The Dornsife College of Letters, Arts and Sciences will offer a new course in international relations that focuses on global governance and health in Summer 2018.
The course is part of the Problems Without Passports program, which utilizes problem-based learning strategies for students studying societal problems in a foreign country. The class, titled “Global Governance and Health: From Global to Local,” will allow undergraduate students to travel to Switzerland and Uganda in a three-week trip led by Heather Wipfli, associate director of the USC Institute for Global Health and the course’s developer.
“I’m always telling students they need to go to Uganda and they need to go to Switzerland, and they really need to have the experience of both programs, [so] the intention is to provide undergraduate students with these experiences in global health and specifically in global health governance,” Wipfli said.
For several years, Wipfli has taken her graduate students to Geneva, Switzerland for the World Health Assembly, where World Health Organization members discuss and finalize major health policy decisions. On a separate trip, Wipfli led other graduate students to Uganda to do more community-based learning and attend specialists’ briefings from government and health professional agencies to better understand the influence of these health initiatives on rural communities.
To give college students a better look at global health governance and its significant impact, Wipfli combined these two graduate-level courses into one undergraduate program where students can travel to both Switzerland and Uganda in one trip.
“The model of [the Problems Without Passports] courses allowed me to go ahead and think big [to] develop the comprehensive approach to the program,” Wipfli said. “Students will have the opportunity of being at the United Nations level to walking and experiencing very rural, basic health delivery all in one go.”
Wipfli said that the course is especially fitting for students majoring in global health and international relations, as well as those on pre-medical or pre-law tracks and want to witness health care on an international scope. According to Wipfli, many study abroad programs focused on health sciences mainly consist of clinical work. However, she hopes that the course will expose students to the diplomacy and negotiation aspects in health care.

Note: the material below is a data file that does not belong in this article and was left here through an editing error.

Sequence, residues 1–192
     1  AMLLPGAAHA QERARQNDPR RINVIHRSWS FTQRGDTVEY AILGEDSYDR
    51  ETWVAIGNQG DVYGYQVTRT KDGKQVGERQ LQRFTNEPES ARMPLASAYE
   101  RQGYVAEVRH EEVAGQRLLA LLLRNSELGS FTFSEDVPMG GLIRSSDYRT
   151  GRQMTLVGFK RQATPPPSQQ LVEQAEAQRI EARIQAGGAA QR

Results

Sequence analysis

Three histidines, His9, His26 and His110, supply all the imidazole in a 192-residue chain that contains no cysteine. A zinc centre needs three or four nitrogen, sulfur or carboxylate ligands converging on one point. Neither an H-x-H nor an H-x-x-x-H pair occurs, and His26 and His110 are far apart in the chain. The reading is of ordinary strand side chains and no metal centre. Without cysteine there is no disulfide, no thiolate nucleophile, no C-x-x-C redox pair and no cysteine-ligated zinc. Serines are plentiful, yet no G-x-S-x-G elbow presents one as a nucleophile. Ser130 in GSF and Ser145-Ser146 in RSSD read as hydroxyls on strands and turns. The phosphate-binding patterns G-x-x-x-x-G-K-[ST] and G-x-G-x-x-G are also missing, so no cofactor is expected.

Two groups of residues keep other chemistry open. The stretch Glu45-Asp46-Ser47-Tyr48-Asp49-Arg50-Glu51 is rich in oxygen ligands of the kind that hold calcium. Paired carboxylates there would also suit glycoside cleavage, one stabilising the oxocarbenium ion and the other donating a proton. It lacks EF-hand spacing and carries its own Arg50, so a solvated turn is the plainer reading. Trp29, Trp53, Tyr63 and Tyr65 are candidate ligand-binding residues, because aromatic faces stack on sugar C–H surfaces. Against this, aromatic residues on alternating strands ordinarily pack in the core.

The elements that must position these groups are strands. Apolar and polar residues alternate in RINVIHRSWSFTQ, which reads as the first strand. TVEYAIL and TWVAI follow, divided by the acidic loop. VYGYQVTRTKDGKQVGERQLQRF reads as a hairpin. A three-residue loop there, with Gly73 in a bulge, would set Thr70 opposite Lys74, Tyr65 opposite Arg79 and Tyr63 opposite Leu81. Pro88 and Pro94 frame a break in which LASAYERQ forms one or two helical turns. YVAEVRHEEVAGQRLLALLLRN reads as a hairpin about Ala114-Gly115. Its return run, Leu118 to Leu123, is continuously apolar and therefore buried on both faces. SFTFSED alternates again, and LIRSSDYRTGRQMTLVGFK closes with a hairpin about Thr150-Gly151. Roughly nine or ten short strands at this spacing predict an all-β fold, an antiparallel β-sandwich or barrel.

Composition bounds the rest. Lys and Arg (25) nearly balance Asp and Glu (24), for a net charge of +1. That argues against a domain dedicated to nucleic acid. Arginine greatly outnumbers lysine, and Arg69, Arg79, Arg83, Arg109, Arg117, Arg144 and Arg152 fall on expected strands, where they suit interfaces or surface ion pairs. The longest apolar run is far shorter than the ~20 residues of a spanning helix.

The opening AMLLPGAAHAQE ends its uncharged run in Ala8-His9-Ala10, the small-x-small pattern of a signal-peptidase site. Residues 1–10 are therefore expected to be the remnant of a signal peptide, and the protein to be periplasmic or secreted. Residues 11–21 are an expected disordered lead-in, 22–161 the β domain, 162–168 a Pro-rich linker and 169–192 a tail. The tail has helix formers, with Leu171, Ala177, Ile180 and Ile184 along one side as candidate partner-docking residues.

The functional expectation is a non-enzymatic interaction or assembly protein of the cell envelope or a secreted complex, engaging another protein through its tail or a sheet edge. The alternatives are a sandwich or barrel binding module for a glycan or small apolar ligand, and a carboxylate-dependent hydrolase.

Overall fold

“We discuss U.S. policy, and then we go to Geneva and see how the U.S. policies are discussed and presented, and then we go and see how their aid delivers on the ground,” Wipfli said. “You can see the president’s plan for African relief. You can follow it all the way from our local Congress through Geneva all the way down to Uganda.”
Alumna Sandra Najuna, who serves as a project coordinator for the USC Institute for Global Health, has worked alongside Wipfli on both trips to Switzerland and Uganda. She said that combining the two into one program provides not only a bigger picture of the implementation of global health but also a more holistic and comprehensive view of it.
“When you start at the World Health Assembly and see how plastic and almost boring the discussions are — everyone is just agreeing with the other countries — you can then filter it down to the ground and see how everything flows in a more positive way,” Najuna said. “You see how the World Health Assembly has almost nothing to do with what is on the ground.”
Through this course, Wipfli hopes students gain a greater sense of awareness and appreciation for the complexities of global health on the international level, especially the policy frameworks used to address health issues.
“I just hope that they come away with a true passion for the work and understand the overriding spirit and culture that permeates global health at all levels, like one of partnership, of collaboration, of humanity,” Wipfli said. “That’s something that is present at all levels, so I hope they come away with that.”